Here Are 12 Interviews With 2014 Texas Book Festival Authors

Oct 23, 2014

Are you going to the Texas Book Festival?

Some 250 authors are descending on Austin for the festival this weekend. And Texas Standard and KUT have sat down with a dozen of them.  Here's a roundup of authors appearing at the festival, both big literary names and under-the-radar authors.

(Editor's note: This post used to contain nine interviews – but we've since recorded a few more and updated accordingly.)

Lawrence Wright:

Pulitzer Prize-winning journalist Lawrence Wright speaks with Texas Standard’s David Brown about his new book, "Thirteen Days in September: Carter, Begin and Sadat at Camp David," a detailed account of the Camp David accords between Egyptian President Anwar El Sadat and Israeli Prime Minister Menachem Begin. Facilitated by U.S. President Jimmy Carter, the agreement brought peace between Egypt and Israel.

James Ellroy:

James Ellroy has a penchant for the persecuted.

His previous works including “L.A. Confidential,” “The Black Dahlia” and “The Big Nowhere” delve into forgotten times and seedy locales, where even the good guys have a bad streak.

Carrie Fountain:

Carrie Fountain is searching for something.

The Austin-based poet recently released "Instant Winner," her second book of poems. In it, she reflects on parenthood and captures vignettes of moments from everyday life

Cristina Henriquez:

People across the nation – especially here in Texas – were riveted this summer by the crisis unfolding at the border as thousands of children arrive on their own. So desperate to flee their home countries in Latin America, children set off on a perilous journey, unsure of how they’d be received once they get here.

It was amid this news that author Cristina Henriquez' new novel, "The Book of Unknown Americans," was released. Nestled between the chapters of an age-old story of teenage love float brief, first-hand accounts from men and women who have their own tales to tell of crossing into the US. She speaks to Emily Donahue.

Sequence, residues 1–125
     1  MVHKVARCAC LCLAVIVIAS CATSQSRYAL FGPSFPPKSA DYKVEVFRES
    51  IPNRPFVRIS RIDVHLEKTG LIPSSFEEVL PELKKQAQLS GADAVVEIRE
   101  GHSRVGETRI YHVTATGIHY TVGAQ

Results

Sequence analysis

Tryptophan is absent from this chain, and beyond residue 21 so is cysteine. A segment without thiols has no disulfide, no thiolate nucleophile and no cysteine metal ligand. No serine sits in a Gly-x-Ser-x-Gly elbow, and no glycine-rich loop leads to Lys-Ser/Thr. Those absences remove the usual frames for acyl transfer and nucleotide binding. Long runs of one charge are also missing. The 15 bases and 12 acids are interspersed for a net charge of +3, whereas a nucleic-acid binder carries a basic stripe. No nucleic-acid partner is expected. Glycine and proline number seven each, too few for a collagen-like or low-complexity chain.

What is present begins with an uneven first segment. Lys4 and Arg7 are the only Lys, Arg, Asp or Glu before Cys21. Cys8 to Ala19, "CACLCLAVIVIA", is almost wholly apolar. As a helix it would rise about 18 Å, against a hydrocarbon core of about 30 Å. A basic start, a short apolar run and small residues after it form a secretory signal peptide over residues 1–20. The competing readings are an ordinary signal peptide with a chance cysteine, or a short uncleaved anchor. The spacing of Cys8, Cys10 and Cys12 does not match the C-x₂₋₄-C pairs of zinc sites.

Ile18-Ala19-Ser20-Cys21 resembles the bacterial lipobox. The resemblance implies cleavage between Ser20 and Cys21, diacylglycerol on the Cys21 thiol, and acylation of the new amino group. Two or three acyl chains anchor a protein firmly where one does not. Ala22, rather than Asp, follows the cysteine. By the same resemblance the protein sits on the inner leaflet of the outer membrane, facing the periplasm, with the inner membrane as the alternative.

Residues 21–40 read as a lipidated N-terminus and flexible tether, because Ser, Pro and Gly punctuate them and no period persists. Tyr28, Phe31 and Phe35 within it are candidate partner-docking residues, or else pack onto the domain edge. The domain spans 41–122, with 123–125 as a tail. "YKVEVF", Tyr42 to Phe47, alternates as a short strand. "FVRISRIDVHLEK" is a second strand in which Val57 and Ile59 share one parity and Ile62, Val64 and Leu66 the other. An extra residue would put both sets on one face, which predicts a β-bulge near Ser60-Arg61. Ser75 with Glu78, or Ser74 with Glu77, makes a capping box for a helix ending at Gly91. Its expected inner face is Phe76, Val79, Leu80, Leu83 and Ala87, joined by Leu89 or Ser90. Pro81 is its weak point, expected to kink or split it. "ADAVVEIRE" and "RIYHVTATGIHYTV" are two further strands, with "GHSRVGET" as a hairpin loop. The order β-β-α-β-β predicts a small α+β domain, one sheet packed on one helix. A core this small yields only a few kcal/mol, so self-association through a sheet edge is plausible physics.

Chris Tomlinson:

It was not until after he returned from 11 years in Africa as the Nairobi Bureau Chief for the Associated Press that Chris Tomlinson decided to delve into his family history. What he learned not only changed his sense of family, it changed his sense of history as well. The result of his search is the book "Tomlinson Hill," a family history of slaves and slaveholders. He speaks to David Brown.

Sarah Bird:

Sarah Bird's newest novel, "Above the East China Sea" is the entwined tale of two teenaged girls, one American, one Okinawan. Both are struggling with great loss. The Okinawan, Tamiko, has been pressed into service as a nurse by the Japanese military during the 1945 battle of Okinawa. The American, Luz, finds herself on the island in the present. She considers it just another of her mother's many military postings until her world is torn apart by a tragic loss. Both girls' stories deal with family and how one fits into it. Sarah Bird talks about her novel with Emily Donahue.

Meg Gardiner: